• Theis 1-day workshop is designed for those interested in learning more about sampling and how to draw an ideal sample for surveys, geared towards professionals and practitioners who need to conduct or analyze survey-based research. The material is grounded in sampling theory (both probability and non-probability), the rationale and applicability of margins of error, and how to analyze surveys with a critical eye. The workshop also focuses on applying these theories and best-practices using case studies as examples across multiple methodologies and platforms: telephone interviewing (live and automated), online, paper-based, and intercepts among others. Practical elements such as feasibility, price, and optics will all be explored. Following the course, registrants will be comfortable both critiquing research that has been conducted based on its sampling methods, and designing sampling frames that are both theoretically sound and applicable to real-life situations.
  • Pre-requisites: None

Knowledge Translation
Instructor:  Shawna Reibling
Course Date: Saturday July 22
Location: BA 112
  • Knowledge translation involves moving your research out of the “academic” realm and to those who can put the results of your research inquiries into action. This process begins when you begin your research and continues through the conclusion of the data analysis and production of findings. This course will take you through the knowledge translation planning process focused on social sciences and humanities based research topics.
  • Pre-requisites: None

Instructor: Nina Rosenbusch
Course Date: Monday July 17
Location: BA 112
  • Whenever theoretical arguments are contradictory and a large body of empirical research exists on a topic that shows inconclusive results a meta-analysis can shed more light on the true relationship between variables as it allows researchers to synthesize empirical research and to quantify effects. This interactive 1-day workshop will help participants to understand the method of meta-analysis. The course is structured along the different phases of a meta-analysis including the study location process, coding, bivariate analyses and multivariate analyses. Participants will apply their knowledge in hands-on exercises.
  • Pre-requisites: None

Introduction to Analysis Using R
Instructor: Simon Kiss
Course Date: Tuesday July 18
Location: BA206
  • R is a powerful and open-source software package for statistical analysis that is, by some measures, becoming the standard for data analysis in the private, public and academic sectors. It’s strengths are its open nature, flexibility, its capacity to produce compelling and informative graphics and the thousands of users that produce an astonishing array of packages that enable the software to perform statistical packages. This day-long session will introduce participants to R tailored to their topics of interest and level of familiarity with statistics and data analysis. Topics will include basic data management strategies, producing descriptive and bivariate statistics, the linear and generalized linear model and data visualization.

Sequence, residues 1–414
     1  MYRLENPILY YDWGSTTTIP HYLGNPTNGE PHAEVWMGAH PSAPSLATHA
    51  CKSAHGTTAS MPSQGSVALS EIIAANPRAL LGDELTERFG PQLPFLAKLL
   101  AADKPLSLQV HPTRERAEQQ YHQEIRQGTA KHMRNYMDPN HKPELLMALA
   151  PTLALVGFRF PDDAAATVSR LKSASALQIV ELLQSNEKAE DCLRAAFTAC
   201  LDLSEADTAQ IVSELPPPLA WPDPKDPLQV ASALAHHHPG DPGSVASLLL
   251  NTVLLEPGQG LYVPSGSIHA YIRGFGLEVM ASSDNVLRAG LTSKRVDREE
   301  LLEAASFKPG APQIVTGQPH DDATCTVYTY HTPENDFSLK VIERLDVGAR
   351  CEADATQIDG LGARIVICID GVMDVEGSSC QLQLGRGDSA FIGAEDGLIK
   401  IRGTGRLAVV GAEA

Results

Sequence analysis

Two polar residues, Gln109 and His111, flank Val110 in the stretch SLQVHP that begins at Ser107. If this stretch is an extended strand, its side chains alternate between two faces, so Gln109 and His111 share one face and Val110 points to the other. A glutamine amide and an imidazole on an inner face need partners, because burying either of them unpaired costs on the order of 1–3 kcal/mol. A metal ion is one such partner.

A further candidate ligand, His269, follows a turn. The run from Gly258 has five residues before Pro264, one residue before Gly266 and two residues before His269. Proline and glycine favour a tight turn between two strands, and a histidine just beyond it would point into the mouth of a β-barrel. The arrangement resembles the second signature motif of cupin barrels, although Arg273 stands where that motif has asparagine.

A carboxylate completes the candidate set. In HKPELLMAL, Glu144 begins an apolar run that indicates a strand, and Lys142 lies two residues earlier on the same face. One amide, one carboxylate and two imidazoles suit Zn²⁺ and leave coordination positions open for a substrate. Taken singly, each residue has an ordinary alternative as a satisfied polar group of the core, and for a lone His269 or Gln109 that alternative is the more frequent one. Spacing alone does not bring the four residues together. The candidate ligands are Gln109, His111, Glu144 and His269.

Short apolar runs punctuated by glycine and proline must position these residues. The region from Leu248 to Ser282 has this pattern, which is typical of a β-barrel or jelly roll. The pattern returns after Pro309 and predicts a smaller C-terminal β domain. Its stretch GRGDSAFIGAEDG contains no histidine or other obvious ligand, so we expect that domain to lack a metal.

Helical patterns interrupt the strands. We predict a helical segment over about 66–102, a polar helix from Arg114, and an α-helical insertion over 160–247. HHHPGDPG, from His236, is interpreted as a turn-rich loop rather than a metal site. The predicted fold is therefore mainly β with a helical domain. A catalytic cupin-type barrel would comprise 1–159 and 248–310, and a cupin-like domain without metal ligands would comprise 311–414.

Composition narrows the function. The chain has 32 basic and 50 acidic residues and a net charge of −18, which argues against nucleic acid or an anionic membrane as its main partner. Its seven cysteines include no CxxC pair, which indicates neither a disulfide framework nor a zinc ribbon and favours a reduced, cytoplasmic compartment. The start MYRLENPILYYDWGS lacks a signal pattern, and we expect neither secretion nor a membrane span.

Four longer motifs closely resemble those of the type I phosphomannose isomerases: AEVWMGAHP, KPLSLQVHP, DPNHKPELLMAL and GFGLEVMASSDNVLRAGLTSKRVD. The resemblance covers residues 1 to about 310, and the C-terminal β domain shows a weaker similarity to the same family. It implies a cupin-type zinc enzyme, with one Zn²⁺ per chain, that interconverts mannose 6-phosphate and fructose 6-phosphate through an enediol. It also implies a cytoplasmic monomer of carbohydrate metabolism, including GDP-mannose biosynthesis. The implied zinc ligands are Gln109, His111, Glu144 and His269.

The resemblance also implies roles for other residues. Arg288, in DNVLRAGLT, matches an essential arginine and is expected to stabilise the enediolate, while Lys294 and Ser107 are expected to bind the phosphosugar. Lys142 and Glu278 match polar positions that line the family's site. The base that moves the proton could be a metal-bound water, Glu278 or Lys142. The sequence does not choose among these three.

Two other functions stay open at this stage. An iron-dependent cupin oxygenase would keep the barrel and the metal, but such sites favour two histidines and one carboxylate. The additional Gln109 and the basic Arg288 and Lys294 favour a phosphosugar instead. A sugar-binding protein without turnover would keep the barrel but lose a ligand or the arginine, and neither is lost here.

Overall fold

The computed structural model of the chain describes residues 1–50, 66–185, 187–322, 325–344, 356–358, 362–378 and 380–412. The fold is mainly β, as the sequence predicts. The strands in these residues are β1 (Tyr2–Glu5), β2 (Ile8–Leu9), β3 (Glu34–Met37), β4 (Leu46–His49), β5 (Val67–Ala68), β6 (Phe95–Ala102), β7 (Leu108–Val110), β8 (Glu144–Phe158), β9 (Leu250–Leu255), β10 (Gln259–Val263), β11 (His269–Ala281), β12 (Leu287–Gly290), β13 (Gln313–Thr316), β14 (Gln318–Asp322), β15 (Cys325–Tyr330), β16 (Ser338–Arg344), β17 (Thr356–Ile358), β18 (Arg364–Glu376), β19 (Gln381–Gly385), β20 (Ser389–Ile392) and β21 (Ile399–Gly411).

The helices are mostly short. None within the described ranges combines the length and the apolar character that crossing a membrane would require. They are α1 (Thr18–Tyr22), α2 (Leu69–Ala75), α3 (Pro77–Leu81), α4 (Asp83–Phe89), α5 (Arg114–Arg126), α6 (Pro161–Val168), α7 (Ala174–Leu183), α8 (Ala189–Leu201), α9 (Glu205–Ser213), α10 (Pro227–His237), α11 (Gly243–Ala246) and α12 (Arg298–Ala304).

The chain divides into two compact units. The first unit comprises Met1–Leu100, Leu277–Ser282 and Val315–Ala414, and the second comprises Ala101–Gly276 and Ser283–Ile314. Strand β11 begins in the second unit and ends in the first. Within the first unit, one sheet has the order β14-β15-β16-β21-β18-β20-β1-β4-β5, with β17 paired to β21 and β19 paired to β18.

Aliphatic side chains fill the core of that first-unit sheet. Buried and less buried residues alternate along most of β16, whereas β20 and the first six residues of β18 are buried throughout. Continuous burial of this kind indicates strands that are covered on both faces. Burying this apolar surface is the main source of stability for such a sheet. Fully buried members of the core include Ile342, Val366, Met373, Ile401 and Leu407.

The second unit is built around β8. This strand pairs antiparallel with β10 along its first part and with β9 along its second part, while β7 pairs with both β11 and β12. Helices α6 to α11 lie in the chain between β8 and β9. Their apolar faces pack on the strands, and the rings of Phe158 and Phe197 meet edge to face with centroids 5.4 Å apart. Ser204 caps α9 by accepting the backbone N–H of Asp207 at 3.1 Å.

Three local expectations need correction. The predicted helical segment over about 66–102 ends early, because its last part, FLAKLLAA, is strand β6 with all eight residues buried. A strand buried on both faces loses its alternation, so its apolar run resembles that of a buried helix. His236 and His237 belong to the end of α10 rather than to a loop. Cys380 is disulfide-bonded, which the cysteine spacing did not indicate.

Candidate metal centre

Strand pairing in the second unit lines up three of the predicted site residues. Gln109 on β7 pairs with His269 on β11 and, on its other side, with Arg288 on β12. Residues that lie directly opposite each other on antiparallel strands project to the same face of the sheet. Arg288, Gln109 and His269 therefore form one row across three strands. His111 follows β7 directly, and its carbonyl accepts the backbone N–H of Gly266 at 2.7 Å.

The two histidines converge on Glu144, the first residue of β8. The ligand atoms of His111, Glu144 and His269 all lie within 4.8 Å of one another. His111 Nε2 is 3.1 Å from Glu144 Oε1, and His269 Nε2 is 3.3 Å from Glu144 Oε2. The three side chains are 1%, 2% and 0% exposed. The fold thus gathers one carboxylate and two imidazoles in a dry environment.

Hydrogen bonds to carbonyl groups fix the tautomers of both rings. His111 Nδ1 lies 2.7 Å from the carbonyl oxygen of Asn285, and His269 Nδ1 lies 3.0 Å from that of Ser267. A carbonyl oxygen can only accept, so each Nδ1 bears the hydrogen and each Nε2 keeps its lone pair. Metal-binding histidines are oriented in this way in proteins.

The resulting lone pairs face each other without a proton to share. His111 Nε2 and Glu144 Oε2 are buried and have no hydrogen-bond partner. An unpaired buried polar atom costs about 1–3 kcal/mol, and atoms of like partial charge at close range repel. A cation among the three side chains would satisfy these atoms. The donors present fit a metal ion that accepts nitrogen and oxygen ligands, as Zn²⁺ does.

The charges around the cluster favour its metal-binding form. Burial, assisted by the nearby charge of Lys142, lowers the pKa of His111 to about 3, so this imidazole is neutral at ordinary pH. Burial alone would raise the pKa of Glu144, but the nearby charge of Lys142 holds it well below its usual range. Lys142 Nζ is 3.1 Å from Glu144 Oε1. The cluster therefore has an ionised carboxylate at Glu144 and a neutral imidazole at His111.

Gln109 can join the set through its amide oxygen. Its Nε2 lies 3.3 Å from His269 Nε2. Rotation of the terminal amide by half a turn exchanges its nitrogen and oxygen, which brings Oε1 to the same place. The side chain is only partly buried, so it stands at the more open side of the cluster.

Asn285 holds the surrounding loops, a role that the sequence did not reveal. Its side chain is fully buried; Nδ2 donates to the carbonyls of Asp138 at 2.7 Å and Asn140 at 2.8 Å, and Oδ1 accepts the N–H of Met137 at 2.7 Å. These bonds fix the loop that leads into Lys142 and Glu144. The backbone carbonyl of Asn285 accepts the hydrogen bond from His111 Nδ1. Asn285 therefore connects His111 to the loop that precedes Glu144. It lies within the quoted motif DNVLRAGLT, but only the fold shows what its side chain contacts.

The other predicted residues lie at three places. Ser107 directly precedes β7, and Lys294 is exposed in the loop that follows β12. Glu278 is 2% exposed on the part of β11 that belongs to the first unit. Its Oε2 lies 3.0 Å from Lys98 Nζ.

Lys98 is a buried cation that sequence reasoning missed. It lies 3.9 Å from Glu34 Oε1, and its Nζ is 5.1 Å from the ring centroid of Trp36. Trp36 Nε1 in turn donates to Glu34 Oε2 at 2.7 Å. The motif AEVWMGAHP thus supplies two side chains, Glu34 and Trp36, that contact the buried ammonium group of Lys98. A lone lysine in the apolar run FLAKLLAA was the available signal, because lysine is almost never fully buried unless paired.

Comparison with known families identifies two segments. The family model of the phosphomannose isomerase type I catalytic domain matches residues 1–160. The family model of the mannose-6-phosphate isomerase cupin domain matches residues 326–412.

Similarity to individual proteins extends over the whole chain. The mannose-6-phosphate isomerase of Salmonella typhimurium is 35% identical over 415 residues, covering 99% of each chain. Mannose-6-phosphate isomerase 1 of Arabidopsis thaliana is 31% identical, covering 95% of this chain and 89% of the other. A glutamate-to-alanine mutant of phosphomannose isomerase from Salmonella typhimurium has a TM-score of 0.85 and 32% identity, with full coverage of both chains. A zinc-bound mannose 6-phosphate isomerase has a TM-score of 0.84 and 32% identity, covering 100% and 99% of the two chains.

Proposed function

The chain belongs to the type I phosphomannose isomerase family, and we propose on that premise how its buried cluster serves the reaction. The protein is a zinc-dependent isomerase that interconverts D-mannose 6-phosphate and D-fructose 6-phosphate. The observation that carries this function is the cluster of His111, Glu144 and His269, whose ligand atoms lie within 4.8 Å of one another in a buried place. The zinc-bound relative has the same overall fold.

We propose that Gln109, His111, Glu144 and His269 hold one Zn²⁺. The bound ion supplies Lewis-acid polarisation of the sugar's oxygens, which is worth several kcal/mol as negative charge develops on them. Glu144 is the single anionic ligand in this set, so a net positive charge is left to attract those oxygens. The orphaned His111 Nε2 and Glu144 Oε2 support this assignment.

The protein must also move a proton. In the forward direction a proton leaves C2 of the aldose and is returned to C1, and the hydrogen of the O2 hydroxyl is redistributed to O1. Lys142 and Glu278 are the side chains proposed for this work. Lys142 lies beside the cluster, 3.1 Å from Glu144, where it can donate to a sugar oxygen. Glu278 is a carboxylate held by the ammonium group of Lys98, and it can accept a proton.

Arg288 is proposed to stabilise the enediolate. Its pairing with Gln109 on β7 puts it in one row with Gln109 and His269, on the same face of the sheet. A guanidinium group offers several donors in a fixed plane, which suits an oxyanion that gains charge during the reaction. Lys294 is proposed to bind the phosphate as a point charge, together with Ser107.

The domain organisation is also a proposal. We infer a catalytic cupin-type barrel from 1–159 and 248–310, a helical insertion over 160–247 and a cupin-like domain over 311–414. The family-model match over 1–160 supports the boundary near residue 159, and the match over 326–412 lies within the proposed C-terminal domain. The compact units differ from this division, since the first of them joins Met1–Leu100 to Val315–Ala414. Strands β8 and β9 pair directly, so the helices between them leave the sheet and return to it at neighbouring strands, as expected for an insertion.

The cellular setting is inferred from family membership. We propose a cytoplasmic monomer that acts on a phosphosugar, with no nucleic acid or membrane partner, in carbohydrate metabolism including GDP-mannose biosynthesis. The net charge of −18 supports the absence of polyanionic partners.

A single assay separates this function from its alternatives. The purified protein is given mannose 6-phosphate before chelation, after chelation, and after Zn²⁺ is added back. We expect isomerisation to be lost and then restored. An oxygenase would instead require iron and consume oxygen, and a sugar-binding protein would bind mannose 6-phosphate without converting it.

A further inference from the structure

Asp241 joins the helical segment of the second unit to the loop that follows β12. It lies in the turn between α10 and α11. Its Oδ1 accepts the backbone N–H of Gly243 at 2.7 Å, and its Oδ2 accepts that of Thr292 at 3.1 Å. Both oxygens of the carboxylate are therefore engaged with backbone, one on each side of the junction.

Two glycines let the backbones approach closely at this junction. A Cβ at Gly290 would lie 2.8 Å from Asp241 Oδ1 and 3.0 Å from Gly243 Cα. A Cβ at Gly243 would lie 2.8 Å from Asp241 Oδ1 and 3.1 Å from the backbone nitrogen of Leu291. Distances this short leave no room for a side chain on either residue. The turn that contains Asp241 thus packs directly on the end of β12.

• Pre-requisites: An undergraduate course in statistical analysis

Hierarchical (Multi-Level) Modelling
Instructor: Manuel Riemer
Course Date: July 26-28
Location: BA112
  • This 3-day advanced multivariate statistics course provides an introduction to applied analyses of multilevel models. Students will learn how to use multilevel models for analyzing clustered data (e.g., persons nested in groups) and longitudinal data, such as flexible strategies for modeling change and individual differences in change. Multilevel models are known by many synonyms (hierarchical linear models, general linear mixed models). The defining feature of these models is their capacity to provide quantification and prediction of random variance due to multiple sampling dimensions (across occasions, persons, or groups). Multilevel models are useful in analyzing clustered data (e.g., persons nested in groups), in which one wishes to examine predictors pertaining to individuals or to groups. Multilevel models also offer many advantages for analyzing longitudinal data, such as flexible strategies for modeling change and individual differences in change, the possibility of examining time-invariant or time-varying predictor effects, and the use of all available complete observations. This course will serve as an applied introduction to multilevel models for both longitudinal and clustered data, as well as combinations thereof. We build upon familiar regression models and expand into multilevel regression models from that starting point.
  • Prerequisites: A solid knowledge of multiple regression and basic knowledge of SPSS. 

Introduction to Qualtrics
Instructor: Bianca Dreyer
Course Date: July 19
  • This one-day interactive workshop is ideal for anyone interested in collecting quality quantitative and qualitative survey data, without the hassle of data entry. This workshop introduces both basic and advanced features of Qualtrics, a powerful survey tool that allows users to build complex online surveys. The first half of the day will cover basic features, such as creating and managing surveys, organizing account libraries and adding and editing questions. The second half will cover more advanced features, such as advanced question options, loop and merge, skip logic, display logic, carry-forward, block options and survey flow. Participants will receive hands-on experience working through example surveys and in-class projects. By the end of the workshop, participants will be able to navigate Qualtrics, create new surveys, add a variety of different question types, and edit the survey flow as needed.